And when we start that process in early grades and focus on turning the scores into clues about a student, we can make life-long changes in how our students engage in independent learning tasks, life challenges and reflective behaviors.
Through iReady, PARCC and the SAT suite of programs, St. Vrain and the State of Colorado have identified assessments that will give our families, teachers, students and community meaningful, college and career-aligned data.
Helping students to better know themselves as learners – to better engage in their own educational process and develop agency – includes three primary components that are pivotal to quality assessment of any type: reflection and analysis, meaningful goal setting and taking action.
I like iReady because you can learn more and you can practice your math and reading. It helps me with my reading because it asks you questions about what you read and what you learned. It makes it more fun!
- Daniel, Grade 2, Northridge Elementary
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Summative vs. Formative
In education, we use two terms to define assessment: Formative and Summative. Summative assessments are those end of the year tests that take stock of what students are able to do in an independent, standardized setting. They’re measured on a large-scale, objective basis. The state of Colorado administers PARCC to all students grades 3-8, and the SAT Suite of Assessments for students grades 9-11 (PSAT 9 starts 2018 spring, PSAT 10, and the SAT). It’s a small percentage of the total time spent in school (less than 1% of the instructional time of the school year) but, as the assessments provide an objective point of measure, can be a very meaningful piece of the larger puzzle. Most summative results are thoroughly investigated to identify large-scale trends as well as individual student performance, and evaluated to reflect on instruction from the past year in order to constantly improve for the upcoming year. District data, school data, subgroup data (like gifted/ talented performance, English Learning performance etc), and individual student data are all evaluated to provide insight to the well-being of the system as a whole.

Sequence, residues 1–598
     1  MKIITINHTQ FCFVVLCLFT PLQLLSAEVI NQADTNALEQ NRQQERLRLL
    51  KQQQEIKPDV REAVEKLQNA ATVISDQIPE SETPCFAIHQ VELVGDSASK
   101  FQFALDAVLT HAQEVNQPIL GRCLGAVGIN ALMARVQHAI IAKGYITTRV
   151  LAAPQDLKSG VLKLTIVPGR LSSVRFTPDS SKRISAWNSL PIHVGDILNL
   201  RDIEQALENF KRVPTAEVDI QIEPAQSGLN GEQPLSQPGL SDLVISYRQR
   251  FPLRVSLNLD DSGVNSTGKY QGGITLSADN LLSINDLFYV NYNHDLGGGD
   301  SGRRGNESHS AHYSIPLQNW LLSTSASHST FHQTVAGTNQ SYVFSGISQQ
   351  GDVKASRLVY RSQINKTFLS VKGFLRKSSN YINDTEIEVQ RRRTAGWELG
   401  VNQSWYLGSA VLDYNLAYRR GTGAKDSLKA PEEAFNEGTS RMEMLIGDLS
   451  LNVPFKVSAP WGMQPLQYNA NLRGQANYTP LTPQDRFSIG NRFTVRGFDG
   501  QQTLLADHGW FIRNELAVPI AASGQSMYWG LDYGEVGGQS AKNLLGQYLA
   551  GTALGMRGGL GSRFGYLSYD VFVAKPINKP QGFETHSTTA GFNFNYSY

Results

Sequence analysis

Formative assessments range from the formal to the informal - any assessment of a situation provides data to the teacher during the learning process that the teacher can then use to more immediately modify learning activities to improve student outcomes. A formative assessment could be a unit test, exit tickets, or head nods. More formal examples in St. Vrain are iReady Reading and Math, ReadyGen Performance Based Assessments (ELA), and the behaviors section on report cards.
Reflection at Erie Middle School
“Empowering students to reflect on their own progress helps reinforce a mindset in the students themselves that everyone can grow and achieve,”said Kim Watry, Erie Middle School Principal.
Watry and Assistant Principal, Ruby Bode, work intentionally to add reflection to students’ current perception of assessment.
Watry explains, “The data is for students to personalize and reflect on, not just for an achievement level, but to see how much growth they’ve made.”
At the beginning of the 2016-2017 school year, Watry and Bode gave all the students access to their previous PARCC scores. Students explored why they did or did not meet their goals around their learning skills, and then applied their understanding from the process to future learning. The school believes this level of reflection and meaning makes a difference in how students approach their learning and changes engagement in the everyday school setting. They know that the behaviors students exhibit in class and during work time are often behaviors that manifest themselves during assessments and other work that students want to do well on. Bode and Watry do not want to separate assessment performance from everyday performance.
“Our students are building life skills that will help them be successful in high school and beyond in that they are learning to set goals, reflect on progress, and come up with a plan,” said Watry.